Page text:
COVID-19 vaccine is effective for moms.
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New Study Says These COVID-19 Vaccines Work On Pregnant Women & Breastfeeding Mothers

“These vaccines seem to work incredibly effectively in these women.”

A new study published in the American Journal of Obstetrics and Gynecology offered some promising research on how pregnant women respond to the COVID-19 vaccine. Specifically, researchers found that the Pfizer and Moderna vaccines are both safe and effective for pregnant and lactating women. Additionally, mothers could pass antibodies on to their newborns.

To reach their findings, researchers looked at 131 women who had received either the Pfizer or Moderna vaccine, 84 of whom were pregnant, 31 lactating, and 16 not pregnant. They collected samples from these women between December 2020 and March 2021 to check vaccine-induced antibody levels using the CDC’s V-safe COVID-19 vaccine tracker. After months of research, the team found that the immunity in pregnant women was considerably higher than those who were not pregnant.

The study, though it had a small sample size, also found that expectant mothers passed that immunity on to their babies as antibodies were present in breast milk and umbilical cord blood. As for side effects from the vaccine? Researchers found no evidence for increased risk of side effects for pregnant or lactating women. Researchers ultimately concluded in their study that the findings “[suggest] vaccination of pregnant and lactating women can confer robust maternal and neonatal immunity.”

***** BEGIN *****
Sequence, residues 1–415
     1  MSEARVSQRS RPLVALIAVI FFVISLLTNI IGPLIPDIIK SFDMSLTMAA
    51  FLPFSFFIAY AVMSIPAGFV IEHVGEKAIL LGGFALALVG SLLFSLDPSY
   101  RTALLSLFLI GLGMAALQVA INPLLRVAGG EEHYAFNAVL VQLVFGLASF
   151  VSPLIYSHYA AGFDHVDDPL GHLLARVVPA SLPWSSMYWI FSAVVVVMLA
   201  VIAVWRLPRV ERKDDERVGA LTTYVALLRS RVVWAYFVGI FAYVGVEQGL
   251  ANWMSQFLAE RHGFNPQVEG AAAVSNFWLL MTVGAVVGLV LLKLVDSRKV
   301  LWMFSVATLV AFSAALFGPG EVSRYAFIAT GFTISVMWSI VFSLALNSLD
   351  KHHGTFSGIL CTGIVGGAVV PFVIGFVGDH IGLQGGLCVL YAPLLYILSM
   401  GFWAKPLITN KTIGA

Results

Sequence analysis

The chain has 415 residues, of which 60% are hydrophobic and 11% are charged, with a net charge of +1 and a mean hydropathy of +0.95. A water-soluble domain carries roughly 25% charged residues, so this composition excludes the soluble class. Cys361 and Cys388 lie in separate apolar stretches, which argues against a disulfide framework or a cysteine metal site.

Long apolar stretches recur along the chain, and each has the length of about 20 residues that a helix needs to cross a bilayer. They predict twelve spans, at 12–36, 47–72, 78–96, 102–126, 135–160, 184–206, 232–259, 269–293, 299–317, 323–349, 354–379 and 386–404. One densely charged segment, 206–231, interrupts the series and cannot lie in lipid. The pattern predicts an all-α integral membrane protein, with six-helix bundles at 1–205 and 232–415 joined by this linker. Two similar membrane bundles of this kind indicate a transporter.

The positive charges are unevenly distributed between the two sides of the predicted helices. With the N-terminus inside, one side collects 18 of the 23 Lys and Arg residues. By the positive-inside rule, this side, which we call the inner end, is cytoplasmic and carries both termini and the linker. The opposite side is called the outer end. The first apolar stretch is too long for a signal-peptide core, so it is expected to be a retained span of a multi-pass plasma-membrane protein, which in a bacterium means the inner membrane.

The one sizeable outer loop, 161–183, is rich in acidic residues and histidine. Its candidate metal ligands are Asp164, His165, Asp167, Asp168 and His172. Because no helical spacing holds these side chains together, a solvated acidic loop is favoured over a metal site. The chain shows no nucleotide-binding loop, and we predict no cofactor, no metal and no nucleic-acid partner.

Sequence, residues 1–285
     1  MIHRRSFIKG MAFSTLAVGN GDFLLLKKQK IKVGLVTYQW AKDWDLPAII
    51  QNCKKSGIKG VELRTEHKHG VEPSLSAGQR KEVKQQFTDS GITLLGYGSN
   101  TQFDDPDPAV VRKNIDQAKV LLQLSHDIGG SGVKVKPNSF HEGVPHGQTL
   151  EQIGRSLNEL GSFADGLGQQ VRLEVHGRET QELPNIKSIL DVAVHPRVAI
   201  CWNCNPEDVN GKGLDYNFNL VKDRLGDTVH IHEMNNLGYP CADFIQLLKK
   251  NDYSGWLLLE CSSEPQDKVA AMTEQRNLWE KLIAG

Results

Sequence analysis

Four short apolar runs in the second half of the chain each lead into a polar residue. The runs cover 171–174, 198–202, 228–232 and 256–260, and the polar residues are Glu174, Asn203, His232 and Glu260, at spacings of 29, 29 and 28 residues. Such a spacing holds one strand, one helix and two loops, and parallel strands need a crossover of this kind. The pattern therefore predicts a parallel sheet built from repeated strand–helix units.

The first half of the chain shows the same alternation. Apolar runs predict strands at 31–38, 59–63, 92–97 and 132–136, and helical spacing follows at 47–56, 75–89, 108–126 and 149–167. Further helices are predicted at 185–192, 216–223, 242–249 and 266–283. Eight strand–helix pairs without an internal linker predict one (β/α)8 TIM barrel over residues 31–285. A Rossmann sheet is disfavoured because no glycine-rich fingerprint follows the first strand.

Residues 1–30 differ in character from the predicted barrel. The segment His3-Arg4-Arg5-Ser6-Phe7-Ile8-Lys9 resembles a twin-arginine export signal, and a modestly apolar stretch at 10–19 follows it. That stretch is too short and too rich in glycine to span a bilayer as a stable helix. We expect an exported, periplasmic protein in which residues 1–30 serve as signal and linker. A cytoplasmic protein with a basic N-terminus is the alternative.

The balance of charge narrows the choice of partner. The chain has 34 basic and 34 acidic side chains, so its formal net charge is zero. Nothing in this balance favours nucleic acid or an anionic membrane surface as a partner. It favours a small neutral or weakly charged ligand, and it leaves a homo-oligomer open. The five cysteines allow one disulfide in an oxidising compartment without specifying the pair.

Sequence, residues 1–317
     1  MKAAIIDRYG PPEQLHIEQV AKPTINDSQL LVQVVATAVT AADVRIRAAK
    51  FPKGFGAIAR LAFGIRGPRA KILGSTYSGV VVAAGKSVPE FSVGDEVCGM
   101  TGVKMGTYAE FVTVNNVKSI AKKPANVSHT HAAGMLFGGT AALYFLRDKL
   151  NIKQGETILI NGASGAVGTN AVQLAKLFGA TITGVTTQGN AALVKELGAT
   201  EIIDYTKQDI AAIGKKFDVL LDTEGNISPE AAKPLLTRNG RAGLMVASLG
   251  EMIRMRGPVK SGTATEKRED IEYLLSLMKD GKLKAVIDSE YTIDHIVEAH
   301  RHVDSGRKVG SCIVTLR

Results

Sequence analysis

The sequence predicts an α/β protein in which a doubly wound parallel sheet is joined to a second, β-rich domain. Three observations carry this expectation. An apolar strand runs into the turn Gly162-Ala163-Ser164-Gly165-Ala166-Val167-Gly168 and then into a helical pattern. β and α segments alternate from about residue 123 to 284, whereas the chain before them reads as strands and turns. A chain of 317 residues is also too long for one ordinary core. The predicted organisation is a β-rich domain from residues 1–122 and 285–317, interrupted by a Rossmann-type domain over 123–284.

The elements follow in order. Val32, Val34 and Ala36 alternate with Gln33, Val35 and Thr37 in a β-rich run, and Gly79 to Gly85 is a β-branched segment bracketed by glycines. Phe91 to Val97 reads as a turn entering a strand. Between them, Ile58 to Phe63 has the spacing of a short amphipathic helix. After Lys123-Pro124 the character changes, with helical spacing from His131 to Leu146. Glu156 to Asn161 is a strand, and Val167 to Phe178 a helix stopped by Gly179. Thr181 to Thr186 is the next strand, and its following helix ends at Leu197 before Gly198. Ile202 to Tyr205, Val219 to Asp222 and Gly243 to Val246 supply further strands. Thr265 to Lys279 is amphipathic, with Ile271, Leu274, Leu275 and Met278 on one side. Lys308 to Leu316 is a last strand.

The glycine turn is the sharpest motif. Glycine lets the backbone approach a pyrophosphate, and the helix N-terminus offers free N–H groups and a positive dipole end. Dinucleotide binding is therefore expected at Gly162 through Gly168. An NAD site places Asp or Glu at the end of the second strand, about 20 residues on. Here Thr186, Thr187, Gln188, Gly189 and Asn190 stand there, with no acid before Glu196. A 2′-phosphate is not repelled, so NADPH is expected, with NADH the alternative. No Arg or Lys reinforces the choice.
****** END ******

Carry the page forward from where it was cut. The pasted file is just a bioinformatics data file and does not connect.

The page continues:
"That's a very important piece of information to our patients," Dr. Andrea Edlow, co-author on the study, told ABC News. "We know that this vaccine works for you."

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Until now, there has not been a dearth of data regarding pregnant women and the COVID-19 vaccine. Recently, however, researchers in Florida reported the first known baby being born with COVID-19 antibodies after the mother had been vaccinated. And, just weeks later, this study gives a more in-depth look at how pregnant women pass on those protective antibodies on to their newborn babies through breast milk and the placenta.

“These vaccines seem to work incredibly effectively in these women," Galit Alter, professor of medicine at the Ragon Institute and one of the researchers to take part in the study, told CNN. "Nearly all the moms were getting a pretty decent level of antibodies to their babies.” Alter admitted to the network that more research needs to be done as this was a small scale study, but certainly the results look promising for expectant moms, breastfeeding moms, and their babies.

Study referenced:

Gray, K. Bordt, E., Atyeo, C., Elovitz, M., Alter, G., Edlow, E.(2021) COVID-19 vaccine response in pregnant and lactating women: a cohort study, American Journal Of Obstetrics and Gynecology.

If you think you’re showing symptoms of coronavirus, which include fever, shortness of breath, and cough, call your doctor before going to get tested. If you’re anxious about the virus’s spread in your community, visit the CDC for up-to-date information and resources, or seek out mental health support. You can find all of Romper’s parents + coronavirus coverage here.